It’s fun.

* * *

I’m a boy of nine, living twelve stories above 1970s Manhattan, a gritty city in dire straits. My childhood is not storybook; too many things have been too wrong at home for too long. But what is on my mind is that it’s a sunny spring day. I roll my candy-apple red two-wheeler into the elevator and out the front door. I ride west, toward Riverside Park, because, after hours of stuffy classrooms, I want to feel the earthy spring air rush over my skin. I want to feel free for once, want to spin and dart where my whim takes me.

I approach the 83nd Street entrance to the park, which consists of a sharp downhill. My heart beats a little faster. 70 yards, perhaps, at maybe nine per cent, with a slight curve. My heart goes into my throat as I tuck and shoot it like an Olympic skier, daring myself not to brake even a little to take the edge off the fear. I manage a razor-thin line, straight as possible, through the moms pushing carriages uphill. I can still feel the the slight whump in my stomach at the bottom of the slope, as the bike hits level ground at speed and takes the run-out: I’ve successfully conquered the fear and achieved the rush, and now I get the bonus of sailing all the way past the playground just to see how far I can go without pedaling -- a measure of how fast I must have been going.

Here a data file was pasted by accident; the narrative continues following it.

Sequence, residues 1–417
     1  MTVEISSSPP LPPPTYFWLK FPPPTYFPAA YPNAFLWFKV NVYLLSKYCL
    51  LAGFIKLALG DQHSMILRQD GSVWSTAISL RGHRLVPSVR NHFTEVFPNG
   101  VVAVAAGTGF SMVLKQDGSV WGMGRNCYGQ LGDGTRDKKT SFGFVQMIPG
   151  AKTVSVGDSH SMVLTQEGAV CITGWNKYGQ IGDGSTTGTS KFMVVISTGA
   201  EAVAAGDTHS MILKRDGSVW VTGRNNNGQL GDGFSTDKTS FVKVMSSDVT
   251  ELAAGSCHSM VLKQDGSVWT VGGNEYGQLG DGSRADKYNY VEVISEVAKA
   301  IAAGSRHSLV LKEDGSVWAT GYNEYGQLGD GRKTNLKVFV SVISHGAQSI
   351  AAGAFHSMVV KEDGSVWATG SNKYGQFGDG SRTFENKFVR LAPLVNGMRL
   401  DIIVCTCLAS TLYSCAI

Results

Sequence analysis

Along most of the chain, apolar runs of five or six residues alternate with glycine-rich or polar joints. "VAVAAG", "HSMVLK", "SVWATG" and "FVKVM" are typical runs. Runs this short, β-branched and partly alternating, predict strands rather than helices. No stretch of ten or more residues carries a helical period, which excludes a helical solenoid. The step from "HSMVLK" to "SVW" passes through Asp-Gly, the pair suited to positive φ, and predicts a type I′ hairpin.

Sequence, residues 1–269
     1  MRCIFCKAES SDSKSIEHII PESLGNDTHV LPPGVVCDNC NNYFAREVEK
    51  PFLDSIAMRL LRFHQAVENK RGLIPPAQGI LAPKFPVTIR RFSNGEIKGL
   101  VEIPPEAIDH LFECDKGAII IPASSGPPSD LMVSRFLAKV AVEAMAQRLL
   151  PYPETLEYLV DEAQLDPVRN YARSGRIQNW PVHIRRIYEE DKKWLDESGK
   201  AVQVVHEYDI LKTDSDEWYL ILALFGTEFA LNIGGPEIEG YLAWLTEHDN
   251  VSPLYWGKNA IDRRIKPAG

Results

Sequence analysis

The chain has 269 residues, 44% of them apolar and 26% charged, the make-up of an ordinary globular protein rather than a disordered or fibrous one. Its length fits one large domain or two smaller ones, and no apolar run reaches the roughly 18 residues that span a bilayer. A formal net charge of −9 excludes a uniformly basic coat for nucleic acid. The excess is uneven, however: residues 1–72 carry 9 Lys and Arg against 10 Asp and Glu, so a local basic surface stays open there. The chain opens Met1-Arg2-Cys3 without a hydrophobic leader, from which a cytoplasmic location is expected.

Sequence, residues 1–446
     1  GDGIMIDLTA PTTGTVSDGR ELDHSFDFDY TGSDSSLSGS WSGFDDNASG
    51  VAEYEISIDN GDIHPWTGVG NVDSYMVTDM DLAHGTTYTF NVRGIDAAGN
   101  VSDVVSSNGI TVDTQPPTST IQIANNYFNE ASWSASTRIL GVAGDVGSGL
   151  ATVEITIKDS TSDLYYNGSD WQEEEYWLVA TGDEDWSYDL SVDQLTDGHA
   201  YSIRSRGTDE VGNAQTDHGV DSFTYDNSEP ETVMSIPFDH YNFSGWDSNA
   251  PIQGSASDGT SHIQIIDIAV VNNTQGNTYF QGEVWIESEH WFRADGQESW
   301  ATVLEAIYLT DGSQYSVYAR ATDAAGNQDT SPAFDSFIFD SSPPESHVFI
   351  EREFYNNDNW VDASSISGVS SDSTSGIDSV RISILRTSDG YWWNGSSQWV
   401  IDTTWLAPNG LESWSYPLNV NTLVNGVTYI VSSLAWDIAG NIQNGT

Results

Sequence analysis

Gone is the tension at home, gone the clueless, overbearing teachers, the ammonia-smelling hallways. I’m free.

* * *

These days, my riding is inspired more by the desire to increase my performance. And it is often fun and good for me. But it can go too far. If I freewheel for more than a minute now (can’t call it coasting; that’s kids’ stuff, right?) there’s often a slight feeling of guilt in the back of my mind: I should be pedaling, increasing my fitness, lowering my average speed for the route I’m on.

I can count on one hand the number of times in the last year I’ve swung a leg over a bike just to be outside or feel the amazement of the bicycle – the closest thing there is to flying while still anchored to the ground. Every single mile is part of a work-out, and gets logged in my training chart.

I’ve forgotten the magic. Once I start down that road, it isn’t very long before I’m going out to ride even though my body is telling me not to. And that’s what got me in the over-training hole back in late summer, and probably exacerbated (caused?) the pneumonia. I am quite prone to “overfocusing,” as one ex-boss kindly put it.

So, I’m trying to figure out a way to enjoy myself more on the bike the rest of this season, while still focusing on the performance aspect I love so much. Any thoughts are welcome. And, as always, I'll keep you posted.